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The GC-MS Application Challenge Winner: Katelynn Perrault

The Analytical Scientist, in collaboration with LECO Corporation, Restek, Axel Semrau and GL Sciences, invited those working in the GC-MS space to submit their most impressive application notes for the chance to win some exciting prizes – all expenses paid facility or conference trips, consumables worth $3,000, and instrument discounts, to name but a few.

Our expert panel of judges – including Robert K. Nelson, James Harynuk, Susan Richardson, Hans-Gerd Janssen, Giorgia Purcaro, Erich Leitner, Jaap de Zeeuw, and Robert Trengove – have considered the entries and the results are in! Our winners across the following categories are:

  • Dmitry Koluntaev for Best Novel Application
  • Anika Lokker for Excellence in Chromatography
  • Flavio A. Franchina for Creative Use of Application Workflows, Sample Prep & Automation 
  • Katelynn Perrault – Special Recognition

Here, we catch up with Special Recognition winner Katelynn Perrault.

Sandalwood in the Second Dimension 

Special Recognition: “Comprehensive two-dimensional gas chromatography analysis of commercial essential oils from different sandalwood species”

With Katelynn A. Perrault, Associate Professor of Forensic Sciences and Chemistry and joined Chaminade University of Honolulu, USA 

Please introduce yourself…

Our research involves the non-targeted profiling of complex samples by comprehensive two-dimensional gas chromatography (GC×GC). Specifically, we focus on volatile matrices that comprise complex odors related to forensic science, biomedical, and natural product applications.

What was your main inspiration? 

Recently, we worked on several complex samples of Pacific Island origin due to our location in the Pacific and our interest in complex plant products in Hawaii. These included samples of kava (a beverage made from Piper methysticum) and poi (food product from Colocasia esculenta).

Many personal care and aromatherapy products in Hawaii contain Royal Hawaiian Sandalwood within them, and we were curious to see if our non-targeted methods could differentiate the entirety of the volatile profile of other sandalwood species from other regions in the world. This was particularly interesting because some ISO methods are developed to look at quality indicators within sandalwood essential oils, but they are based on targeted analysis of only a few compounds.

Our non-targeted GC×GC method allows us to see a wealth of information within these complex plant products. With this knowledge, we were interested to see if the method would provide further value in differentiating the oils.

Any challenges?

We had to optimize our method to improve our separation because the samples were quite different from other samples we analyze. The samples were injected using our one-dimensional GC instrument to see what the samples contained. I tasked my Instrumental Analysis class (in groups) to come up with different ways of improving the 1D GC separation by playing with parameters, such as oven ramp, split flow, and carrier gas flow rate.

Taking the optimized 1D GC method, we translated it to our GC×GC system for further analysis. The students had a lot of fun learning about the GC technique using this “optimization challenge” and it brought up some great points of discussion of chromatographic theory in class after the results were obtained.

What were your main findings?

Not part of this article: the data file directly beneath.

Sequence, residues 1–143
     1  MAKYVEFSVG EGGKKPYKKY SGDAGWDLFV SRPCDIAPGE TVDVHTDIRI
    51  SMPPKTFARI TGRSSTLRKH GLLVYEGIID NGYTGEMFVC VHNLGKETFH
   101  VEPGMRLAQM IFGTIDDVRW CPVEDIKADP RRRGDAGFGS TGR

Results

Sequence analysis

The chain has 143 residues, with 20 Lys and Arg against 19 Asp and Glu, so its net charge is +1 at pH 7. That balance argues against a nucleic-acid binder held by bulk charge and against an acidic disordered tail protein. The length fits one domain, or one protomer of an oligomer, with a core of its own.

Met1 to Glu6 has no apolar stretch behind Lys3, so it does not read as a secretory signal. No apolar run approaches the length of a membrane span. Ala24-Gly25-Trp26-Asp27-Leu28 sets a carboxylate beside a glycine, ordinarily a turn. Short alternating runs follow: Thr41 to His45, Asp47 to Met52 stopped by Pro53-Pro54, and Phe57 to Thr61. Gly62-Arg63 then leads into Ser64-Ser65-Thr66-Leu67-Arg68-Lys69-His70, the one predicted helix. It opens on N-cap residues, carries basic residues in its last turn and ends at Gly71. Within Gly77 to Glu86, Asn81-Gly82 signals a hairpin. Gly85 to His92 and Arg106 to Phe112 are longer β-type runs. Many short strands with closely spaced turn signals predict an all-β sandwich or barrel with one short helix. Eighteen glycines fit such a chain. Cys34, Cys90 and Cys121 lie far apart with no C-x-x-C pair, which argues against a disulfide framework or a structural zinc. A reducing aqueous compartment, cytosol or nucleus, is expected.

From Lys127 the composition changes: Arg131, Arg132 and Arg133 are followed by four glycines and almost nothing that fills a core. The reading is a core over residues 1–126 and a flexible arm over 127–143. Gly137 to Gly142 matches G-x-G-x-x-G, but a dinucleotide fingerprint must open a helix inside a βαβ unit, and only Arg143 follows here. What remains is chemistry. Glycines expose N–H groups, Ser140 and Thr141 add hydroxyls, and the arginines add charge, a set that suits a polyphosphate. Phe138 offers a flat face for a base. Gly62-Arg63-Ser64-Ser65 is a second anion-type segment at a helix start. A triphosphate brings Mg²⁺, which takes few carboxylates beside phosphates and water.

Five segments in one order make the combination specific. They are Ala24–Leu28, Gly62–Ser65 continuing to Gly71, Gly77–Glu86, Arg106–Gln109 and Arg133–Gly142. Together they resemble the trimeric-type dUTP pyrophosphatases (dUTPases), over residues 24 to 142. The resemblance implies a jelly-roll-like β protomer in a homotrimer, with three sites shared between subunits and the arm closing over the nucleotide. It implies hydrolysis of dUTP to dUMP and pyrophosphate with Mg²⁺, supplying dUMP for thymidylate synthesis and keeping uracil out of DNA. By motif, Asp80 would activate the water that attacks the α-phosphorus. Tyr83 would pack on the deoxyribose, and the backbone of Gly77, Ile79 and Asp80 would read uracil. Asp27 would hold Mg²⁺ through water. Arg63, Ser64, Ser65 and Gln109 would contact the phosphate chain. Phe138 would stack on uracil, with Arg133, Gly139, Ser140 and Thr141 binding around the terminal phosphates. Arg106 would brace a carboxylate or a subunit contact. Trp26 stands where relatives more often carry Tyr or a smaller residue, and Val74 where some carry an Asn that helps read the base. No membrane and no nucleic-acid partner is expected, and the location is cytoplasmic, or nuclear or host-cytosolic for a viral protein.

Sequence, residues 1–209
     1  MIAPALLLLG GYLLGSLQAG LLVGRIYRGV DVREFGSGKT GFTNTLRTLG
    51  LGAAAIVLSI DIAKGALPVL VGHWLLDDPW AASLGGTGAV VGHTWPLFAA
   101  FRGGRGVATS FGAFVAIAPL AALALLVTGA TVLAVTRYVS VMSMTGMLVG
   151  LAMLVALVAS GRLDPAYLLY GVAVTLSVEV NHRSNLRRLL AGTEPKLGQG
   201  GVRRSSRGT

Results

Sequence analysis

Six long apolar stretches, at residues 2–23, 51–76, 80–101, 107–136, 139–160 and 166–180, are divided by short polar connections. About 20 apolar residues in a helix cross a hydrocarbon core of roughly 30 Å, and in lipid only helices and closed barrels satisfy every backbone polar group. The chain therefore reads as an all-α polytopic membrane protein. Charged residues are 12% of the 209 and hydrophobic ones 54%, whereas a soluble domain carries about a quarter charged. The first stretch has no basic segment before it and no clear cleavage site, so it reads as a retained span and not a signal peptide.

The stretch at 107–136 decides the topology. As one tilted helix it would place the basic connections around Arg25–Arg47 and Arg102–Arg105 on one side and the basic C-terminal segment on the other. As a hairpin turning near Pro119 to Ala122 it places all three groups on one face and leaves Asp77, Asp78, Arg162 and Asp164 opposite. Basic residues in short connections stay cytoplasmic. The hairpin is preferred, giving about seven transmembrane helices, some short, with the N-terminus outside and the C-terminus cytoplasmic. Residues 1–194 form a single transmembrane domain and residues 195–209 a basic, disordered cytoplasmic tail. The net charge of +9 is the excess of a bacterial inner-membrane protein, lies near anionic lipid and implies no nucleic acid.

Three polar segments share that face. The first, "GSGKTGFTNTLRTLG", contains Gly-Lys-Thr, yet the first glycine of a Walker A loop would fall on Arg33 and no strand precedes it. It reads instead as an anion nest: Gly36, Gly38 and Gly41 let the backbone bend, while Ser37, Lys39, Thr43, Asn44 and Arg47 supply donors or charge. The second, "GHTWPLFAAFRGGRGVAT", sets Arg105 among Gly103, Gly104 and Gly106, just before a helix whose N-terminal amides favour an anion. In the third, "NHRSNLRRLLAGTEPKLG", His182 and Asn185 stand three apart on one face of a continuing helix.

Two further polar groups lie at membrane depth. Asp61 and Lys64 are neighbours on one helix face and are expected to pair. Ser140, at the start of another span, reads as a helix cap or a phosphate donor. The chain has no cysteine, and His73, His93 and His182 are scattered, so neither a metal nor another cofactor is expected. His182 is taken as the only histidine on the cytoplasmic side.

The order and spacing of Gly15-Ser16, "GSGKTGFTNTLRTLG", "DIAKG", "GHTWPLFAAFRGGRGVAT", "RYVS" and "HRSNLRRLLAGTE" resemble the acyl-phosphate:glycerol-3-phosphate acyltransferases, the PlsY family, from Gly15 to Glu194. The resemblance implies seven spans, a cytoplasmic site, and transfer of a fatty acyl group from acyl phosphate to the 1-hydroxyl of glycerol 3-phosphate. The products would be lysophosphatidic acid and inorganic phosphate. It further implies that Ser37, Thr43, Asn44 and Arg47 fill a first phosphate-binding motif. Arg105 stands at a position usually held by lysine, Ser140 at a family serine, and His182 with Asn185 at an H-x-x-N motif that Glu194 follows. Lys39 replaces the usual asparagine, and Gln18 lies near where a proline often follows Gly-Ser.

GC×GC was a powerful tool to elucidate subtle but important changes in the complex chemical sandalwood essential oil profiles. Non-targeted analysis was used to investigate compounds that are quality indicators – according to standard methods – simultaneously with other product components that could be relevant to monitoring these products. Monitoring additional compounds within the profile may assist in understanding their different therapeutic benefits by tracking a component to its known pharmacology.

Any lessons learned? 

During the study, we were contacted by representatives of an essential oil company who asked how GC×GC might help them with product monitoring. Having data to share with them and explain the benefits of GC×GC was incredibly valuable.

Do you have any tips for scientists hoping to bring a touch of creative flair to their application workflows or method development? 

Crowdsourcing ideas for method development can be valuable. For our study, a group of undergraduate students came up with ideas for optimizing our first dimension separation – a fun exercise to tackle together. I could also see this group approach being a valuable tool in R&D laboratories when meeting challenges in method development.

What’s on the application horizon?

There is always a long wishlist of new applications that we want to tackle; you will have to wait and see what we do next!

You can download the application note here.

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About the Author
James Strachan

Over the course of my Biomedical Sciences degree it dawned on me that my goal of becoming a scientist didn’t quite mesh with my lack of affinity for lab work. Thinking on my decision to pursue biology rather than English at age 15 – despite an aptitude for the latter – I realized that science writing was a way to combine what I loved with what I was good at.

From there I set out to gather as much freelancing experience as I could, spending 2 years developing scientific content for International Innovation, before completing an MSc in Science Communication. After gaining invaluable experience in supporting the communications efforts of CERN and IN-PART, I joined Texere – where I am focused on producing consistently engaging, cutting-edge and innovative content for our specialist audiences around the world.


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